La Rossetta Via della Rossetta, 8-9. Tel. 06 686 1002. For those with some money to burn and a refined palate. Widely reviewed as one of Rome’s best seafood restaurants. Fixed menus starting around €100.
L’Eau Vive Via Monterone 85. Tel. 06 688 010 95. An idiosyncratic alternative to more pizza and pasta, this French restaurant is run by an international lay sisterhood of missionary Christians, who occasionally interrupt meals to sing religious songs or stage short biblically inspired ballets. Fixed price menus from €14-30.
CO2 Largo del Teatro Valle, 4. Tel. 06 4547 6337. Brasserie by weekday, brunch paradise on Sunday mornings. For all those foreigners hankering for a proper (if not enormous) morning meal. Brunch buffet €25.
Caffè della Pace V. della Pace 3-7. Tel. 06 686 1216. A classy spot for an afternoon tea, evening aperitivo or a night cap. Open daily until 2am.
Sant’Eustachio Il Caffè P. di Sant’Eustachio 82. Tel. 06 6880 2048. One of the most venerated caffes in Rome, it cultivates an air of mystery by shielding the drink preparations from view.
Cul De Sac. Piazza Pasquino 73. Tel. 06 68 801 094.ne of Rome’s first and most well-regarded wine bars. 1400 choices of wines. Also a restaurant.
In fact, the very space of Piazza Navona was forged by the crude pursuit of spectacle, when Emperor Domition built a stadium, Circus Agonalis, for gladiatorial games and races. Like most structures in Ancient Rome, the Circus fell into disrepair following a succession of invasions during the Dark Ages. Residents began pilfering pieces of stone for their own building purposes. Luckily, visitors to the Piazza can still see some of the stadium’s foundations if they navigate to a small doorway in the northern part of nearby Piazza di Tor Sanguigna.
As human activity eroded the structure of the once-great stadium, enough space became available to hold public markets from 1477 to 1869. In this less formal setting, brave souls continued to compete for honor and entertainment, in jousts and in such contests as the albero della cuccagna, where sufficiently dexterous men would race up a greased pole to retrieve a ham.
During the Renaissance, a rivalry more fit for a circus ring than the Church emerged from St. Peters to shape Piazza Navona into its present form. After the 21-year reign of Pope Urban VIII, a powerful leader from the Barberini family who refashioned many areas of Rome to his liking, Pope Innocent X was eager to escape his predecessor’s shadow when he became the pontiff in 1644. To garner public admiration and to distract attention from Urban VIII’s accomplishments, Innocent X cleared the space of Piazza Navona once and for all and commenced constructing the grandiose palaces, churches and fountains that remain the main features of the piazza today. Anecdotes about this papal rivalry, and the rivalry of their favorite artists, Bernini and Borromini, have had tremendous staying power in popular imagination, regardless of their factual accuracy.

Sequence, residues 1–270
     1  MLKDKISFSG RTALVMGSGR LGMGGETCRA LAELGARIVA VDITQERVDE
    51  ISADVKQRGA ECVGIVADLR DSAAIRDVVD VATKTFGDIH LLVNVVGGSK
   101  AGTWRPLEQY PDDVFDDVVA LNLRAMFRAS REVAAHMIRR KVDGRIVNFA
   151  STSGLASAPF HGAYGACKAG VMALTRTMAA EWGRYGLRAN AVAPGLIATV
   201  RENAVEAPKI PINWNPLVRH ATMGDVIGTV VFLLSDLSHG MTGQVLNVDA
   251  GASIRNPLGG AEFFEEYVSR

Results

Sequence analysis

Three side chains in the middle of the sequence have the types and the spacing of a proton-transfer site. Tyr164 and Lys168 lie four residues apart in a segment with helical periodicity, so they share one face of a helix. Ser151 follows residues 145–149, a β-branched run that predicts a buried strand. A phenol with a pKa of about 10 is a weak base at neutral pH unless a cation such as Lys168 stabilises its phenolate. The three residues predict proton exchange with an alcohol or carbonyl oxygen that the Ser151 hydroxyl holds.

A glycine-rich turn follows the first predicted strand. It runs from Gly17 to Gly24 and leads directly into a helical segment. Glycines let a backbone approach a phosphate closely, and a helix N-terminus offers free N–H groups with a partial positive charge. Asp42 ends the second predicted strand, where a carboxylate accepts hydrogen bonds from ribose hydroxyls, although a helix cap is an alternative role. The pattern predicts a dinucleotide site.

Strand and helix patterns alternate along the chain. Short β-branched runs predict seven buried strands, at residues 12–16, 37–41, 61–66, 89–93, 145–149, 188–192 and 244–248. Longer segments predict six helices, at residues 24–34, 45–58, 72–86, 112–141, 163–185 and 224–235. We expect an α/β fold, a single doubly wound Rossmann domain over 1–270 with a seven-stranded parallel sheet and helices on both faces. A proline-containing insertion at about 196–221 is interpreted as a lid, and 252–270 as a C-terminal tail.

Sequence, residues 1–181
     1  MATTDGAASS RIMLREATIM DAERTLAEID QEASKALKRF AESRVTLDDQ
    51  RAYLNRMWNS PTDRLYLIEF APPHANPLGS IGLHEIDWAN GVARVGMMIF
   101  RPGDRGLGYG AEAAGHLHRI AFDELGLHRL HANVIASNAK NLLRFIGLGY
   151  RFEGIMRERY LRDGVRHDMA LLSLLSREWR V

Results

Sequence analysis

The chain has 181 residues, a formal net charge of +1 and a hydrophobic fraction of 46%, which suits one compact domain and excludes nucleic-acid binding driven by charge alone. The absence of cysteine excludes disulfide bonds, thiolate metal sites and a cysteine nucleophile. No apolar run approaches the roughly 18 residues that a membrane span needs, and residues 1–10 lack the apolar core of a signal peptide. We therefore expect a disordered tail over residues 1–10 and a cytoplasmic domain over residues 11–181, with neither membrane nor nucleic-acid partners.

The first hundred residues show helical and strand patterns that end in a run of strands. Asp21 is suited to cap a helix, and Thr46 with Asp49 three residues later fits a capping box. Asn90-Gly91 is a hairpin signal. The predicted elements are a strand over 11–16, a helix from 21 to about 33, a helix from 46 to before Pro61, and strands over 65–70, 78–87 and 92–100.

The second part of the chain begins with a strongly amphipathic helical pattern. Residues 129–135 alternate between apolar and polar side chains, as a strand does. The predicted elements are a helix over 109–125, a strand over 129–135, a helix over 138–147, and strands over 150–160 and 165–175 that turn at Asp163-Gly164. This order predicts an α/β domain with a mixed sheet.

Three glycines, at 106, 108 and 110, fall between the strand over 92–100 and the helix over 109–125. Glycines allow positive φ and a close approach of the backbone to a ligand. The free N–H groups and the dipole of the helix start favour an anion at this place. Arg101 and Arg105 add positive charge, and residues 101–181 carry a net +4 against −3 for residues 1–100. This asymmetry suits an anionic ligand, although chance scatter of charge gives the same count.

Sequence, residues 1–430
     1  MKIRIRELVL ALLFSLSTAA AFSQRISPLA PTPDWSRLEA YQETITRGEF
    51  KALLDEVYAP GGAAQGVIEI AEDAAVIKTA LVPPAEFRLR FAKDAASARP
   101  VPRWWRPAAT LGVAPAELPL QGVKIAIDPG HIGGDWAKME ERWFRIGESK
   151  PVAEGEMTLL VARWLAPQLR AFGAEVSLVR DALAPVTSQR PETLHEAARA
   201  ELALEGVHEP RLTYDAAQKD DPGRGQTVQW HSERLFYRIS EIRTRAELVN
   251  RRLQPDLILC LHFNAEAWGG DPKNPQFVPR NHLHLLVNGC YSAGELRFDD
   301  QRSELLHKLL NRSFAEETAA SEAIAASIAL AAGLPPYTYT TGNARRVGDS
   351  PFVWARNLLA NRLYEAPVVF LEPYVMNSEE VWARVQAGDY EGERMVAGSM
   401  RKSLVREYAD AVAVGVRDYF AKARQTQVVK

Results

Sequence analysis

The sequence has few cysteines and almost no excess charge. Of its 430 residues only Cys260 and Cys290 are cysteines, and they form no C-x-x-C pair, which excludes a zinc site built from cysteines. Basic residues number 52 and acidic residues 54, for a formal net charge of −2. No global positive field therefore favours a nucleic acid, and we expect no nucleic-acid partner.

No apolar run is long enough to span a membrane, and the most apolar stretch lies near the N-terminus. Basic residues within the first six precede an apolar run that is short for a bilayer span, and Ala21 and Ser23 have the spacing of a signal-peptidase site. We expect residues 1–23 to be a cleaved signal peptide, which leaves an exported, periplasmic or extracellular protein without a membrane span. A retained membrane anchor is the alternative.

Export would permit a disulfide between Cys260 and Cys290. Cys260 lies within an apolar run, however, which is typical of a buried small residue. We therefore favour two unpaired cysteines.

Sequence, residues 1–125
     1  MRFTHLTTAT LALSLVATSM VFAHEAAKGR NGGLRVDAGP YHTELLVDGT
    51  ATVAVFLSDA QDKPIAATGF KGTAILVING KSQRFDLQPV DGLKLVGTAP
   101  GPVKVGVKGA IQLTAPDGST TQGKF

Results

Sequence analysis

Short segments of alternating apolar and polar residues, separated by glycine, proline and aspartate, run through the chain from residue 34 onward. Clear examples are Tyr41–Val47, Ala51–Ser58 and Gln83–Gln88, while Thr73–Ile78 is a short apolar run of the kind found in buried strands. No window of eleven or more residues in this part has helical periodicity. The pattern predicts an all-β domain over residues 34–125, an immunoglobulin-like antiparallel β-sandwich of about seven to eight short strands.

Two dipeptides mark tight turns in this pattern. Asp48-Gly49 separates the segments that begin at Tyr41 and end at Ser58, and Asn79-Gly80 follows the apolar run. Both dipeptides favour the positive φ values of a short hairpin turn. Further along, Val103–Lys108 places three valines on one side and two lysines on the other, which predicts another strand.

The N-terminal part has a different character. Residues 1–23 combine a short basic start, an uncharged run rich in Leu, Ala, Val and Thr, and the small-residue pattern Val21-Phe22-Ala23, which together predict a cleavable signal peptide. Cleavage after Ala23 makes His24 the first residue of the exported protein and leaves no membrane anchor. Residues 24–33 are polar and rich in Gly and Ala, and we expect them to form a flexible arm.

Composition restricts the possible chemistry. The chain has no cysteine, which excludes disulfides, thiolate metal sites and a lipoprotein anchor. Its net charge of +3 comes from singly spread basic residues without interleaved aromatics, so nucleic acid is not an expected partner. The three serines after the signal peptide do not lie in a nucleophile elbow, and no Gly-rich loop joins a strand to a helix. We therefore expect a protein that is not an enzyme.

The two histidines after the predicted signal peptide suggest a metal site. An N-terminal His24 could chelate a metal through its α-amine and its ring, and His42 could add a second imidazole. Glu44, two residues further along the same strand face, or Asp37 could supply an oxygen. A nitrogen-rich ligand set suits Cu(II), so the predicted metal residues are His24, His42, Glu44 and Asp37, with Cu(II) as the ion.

In ancient Roman times, the Circus Agonalis, a 30,000-spectator venue built by Emperor Domition in the first century BC, rose above what is now the piazza’s oblong open space. There, Domitian and his successors held athletic contests in the nude Greek fashion and all manner of races. Occasionally, they would flood the stadium to hold mock naval battles, and even hosted some gladiatorial matches when the Coliseum was hit by lightning at the beginning of the third century AD.
Like many institutional structures in Ancient Rome, the Circus fell into disrepair following a succession of invasions during the Dark Ages. Residents began pilfering pieces of stone for their own building purposes. Visitors to the Piazza can still see some of the stadium’s foundations if they navigate to a small doorway in the northern part of nearby Piazza di Tor Sanguigna, where they must look over a railing and down eight meters below street level to view the ancient stones. In the summer of 2009, the Commune of Rome even began offering guided tours of the underground ruins of the stadium.
As human activity eroded the structure of the once-great stadium, enough space became available to hold public markets from 1477 to 1869. In this less formal setting, brave souls continued to compete for honor and entertainment, in justs and in such contests as the albero della cuccagna, where sufficiently dexterous men would race up a greased pole to retrieve a ham. On hot Sundays, the space was flooded to provide some respite from oppressive heat for animals and people alike. This practice continued up until the 19th century.
During the Renaissance, a rivalry more fit for a circus ring than the Church emerged from St. Peters to shape Piazza Navona into its present form. After the 21-year reign of Pope Urban VIII, a powerful leader from the Barberini family who refashioned many areas of Rome to his liking, Pope Innocent X was eager to escape the shadow of his predecessor when he became the pontiff in 1644. To garner public admiration and to distract attention from Urban VIII’s accomplishments, Innocent X cleared the space of Piazza Navona once and for all and commenced constructing the grandiose palaces, churches and fountains that remain the main features of the piazza today.